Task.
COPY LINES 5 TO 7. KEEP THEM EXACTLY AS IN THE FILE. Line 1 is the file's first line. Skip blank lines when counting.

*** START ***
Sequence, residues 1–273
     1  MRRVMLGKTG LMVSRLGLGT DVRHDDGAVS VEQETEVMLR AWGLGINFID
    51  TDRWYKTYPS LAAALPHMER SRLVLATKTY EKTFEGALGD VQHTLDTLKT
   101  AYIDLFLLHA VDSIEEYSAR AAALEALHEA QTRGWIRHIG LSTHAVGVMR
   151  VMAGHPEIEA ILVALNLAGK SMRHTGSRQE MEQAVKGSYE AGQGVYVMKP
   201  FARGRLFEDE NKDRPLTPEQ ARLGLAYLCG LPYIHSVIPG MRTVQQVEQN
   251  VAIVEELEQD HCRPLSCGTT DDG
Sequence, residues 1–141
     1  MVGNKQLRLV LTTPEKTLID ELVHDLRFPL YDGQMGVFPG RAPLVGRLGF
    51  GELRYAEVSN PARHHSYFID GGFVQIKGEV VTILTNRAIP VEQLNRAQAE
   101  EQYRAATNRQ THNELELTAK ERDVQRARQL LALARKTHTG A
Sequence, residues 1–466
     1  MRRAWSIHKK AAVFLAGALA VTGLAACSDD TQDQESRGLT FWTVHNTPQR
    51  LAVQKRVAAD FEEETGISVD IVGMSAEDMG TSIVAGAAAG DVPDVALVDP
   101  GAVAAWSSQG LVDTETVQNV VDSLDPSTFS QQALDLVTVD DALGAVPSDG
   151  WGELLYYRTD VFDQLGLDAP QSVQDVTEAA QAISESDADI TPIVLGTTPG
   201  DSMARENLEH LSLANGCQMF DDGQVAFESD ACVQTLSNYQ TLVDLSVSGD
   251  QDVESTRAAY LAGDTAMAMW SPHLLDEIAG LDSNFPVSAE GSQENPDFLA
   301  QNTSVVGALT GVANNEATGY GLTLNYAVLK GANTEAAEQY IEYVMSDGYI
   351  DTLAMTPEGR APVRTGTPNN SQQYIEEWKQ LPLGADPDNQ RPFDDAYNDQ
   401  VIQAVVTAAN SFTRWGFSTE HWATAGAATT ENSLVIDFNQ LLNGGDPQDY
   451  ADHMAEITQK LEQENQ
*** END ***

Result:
   151  VMAGHPEIEA ILVALNLAGK SMRHTGSRQE MEQAVKGSYE AGQGVYVMKP
   201  FARGRLFEDE NKDRPLTPEQ ARLGLAYLCG LPYIHSVIPG MRTVQQVEQN
   251  VAIVEELEQD HCRPLSCGTT DDG